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The company lobbied hard for tariffs on foreign solar panels, now its new owner is exempt from them.

SolarWorld, the Hillsboro solar panel manufacturer based on Evergreen Parkway, fought hard for the federal government to impose tariffs on foreign-made solar panels.

Last week, the out-of-state company looking to buy SolarWorld was granted an exemption around those tariffs.

SunPower, a San Jose-based solar panel manufacturer, announced Tuesday, Sept. 18, that it had been granted an exemption from 30 percent tariffs imposed by the Trump administration earlier this year on solar products made outside of the United States. The company imports most of its products from Asia and Mexico.

SolarWorld laid off hundreds of its workers in 2016 after its parent company, SolarWorld AG, filed for insolvency in Europe. The company lobbied for steep federal tariffs on foreign-made solar products, which SolarWorld officials argued were necessary in order to stave off Chinese competitors, which have flooded the U.S. market with cheaper products.

SunPower was a vocal opponent of the tariffs, saying they would cost the company millions.

SunPower announced in April that it planned to purchase the struggling Hillsboro manufacturing plant for an undisclosed amount. The SolarWorld acquisition was seen by many as a way to give the company a production plant in the Americas, getting around at least a portion of the tariffs SolarWorld played a hand in bringing about.

SunPower also sought an exemption from the Office of the U.S. Trade Representative, saying the money it would pay in tariffs could be better invested in upgrading the Hillsboro plant and improving American jobs.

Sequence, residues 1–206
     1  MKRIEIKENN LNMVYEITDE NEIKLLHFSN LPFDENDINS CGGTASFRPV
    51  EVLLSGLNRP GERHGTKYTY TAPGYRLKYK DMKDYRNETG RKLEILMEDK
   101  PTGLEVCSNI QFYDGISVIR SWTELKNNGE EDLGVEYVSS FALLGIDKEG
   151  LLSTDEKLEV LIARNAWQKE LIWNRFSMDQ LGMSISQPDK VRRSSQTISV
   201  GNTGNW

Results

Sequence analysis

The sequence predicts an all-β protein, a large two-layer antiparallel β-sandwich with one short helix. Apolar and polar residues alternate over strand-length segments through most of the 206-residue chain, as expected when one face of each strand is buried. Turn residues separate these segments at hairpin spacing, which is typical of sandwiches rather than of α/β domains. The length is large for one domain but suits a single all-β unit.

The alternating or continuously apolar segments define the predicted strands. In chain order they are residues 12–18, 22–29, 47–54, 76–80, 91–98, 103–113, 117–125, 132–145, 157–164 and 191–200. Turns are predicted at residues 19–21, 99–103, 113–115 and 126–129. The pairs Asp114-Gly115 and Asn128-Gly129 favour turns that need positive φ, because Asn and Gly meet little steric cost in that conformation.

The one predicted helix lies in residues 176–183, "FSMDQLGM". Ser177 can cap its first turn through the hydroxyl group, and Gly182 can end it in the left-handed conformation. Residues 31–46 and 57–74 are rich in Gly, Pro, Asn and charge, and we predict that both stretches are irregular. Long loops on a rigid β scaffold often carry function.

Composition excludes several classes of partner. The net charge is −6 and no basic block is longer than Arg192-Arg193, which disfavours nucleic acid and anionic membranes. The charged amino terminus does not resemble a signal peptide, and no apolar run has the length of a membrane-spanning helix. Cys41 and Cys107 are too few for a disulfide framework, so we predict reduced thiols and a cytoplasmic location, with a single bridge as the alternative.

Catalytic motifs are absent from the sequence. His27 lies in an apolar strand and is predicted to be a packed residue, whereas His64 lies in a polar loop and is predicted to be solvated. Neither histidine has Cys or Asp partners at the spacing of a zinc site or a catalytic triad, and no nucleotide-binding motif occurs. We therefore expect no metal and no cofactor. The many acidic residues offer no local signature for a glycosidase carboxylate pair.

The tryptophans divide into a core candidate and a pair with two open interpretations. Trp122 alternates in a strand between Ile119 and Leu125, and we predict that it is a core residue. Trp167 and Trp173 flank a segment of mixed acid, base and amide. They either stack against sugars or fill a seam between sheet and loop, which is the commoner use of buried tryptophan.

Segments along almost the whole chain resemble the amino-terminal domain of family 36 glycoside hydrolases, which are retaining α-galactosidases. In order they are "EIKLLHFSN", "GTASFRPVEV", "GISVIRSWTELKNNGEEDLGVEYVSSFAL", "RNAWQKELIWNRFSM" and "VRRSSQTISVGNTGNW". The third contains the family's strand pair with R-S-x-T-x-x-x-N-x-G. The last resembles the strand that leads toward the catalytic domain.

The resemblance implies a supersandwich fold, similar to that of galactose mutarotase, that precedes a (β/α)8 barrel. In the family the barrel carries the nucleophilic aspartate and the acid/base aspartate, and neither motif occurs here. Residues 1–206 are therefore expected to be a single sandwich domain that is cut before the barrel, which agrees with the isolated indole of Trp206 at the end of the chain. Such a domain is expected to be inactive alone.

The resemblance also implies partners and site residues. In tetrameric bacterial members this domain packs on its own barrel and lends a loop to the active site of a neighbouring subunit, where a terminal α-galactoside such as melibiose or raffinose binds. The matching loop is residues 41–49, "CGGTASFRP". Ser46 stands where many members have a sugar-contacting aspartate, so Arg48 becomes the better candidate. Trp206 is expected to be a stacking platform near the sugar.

Last week, the federal government released a list of companies which would be exempted from the tariffs. Under the exemption, certain solar cells and modules SunPower manufactures overseas will not be hit by the tariffs when imported.

On Sept. 18, SunPower's chief executive officer Tom Werner said the exemption was great news.

"SunPower can now fully focus our resources to deliver the best solar solutions to our customers, develop the next wave of solar technology through American research and development and invest in American solar manufacturing," Werner said in a statement. "This will support U.S. solar technology leadership and preserve American jobs."

The company will continue to move forward with its purchase of SolarWorld, Werner said, which it expects to wrap up within the month. The acquisition requires approval from regulators in both the United States and Germany, where SolarWorld's parent company, SolarWorld AG, is based.

"We appreciate the (Trump) administration's thorough review and consideration on this matter," Werner said. "(We) believe this outcome supports common goals of technology innovation, economic prosperity, energy independence, and U.S. competitiveness in the global marketplace."


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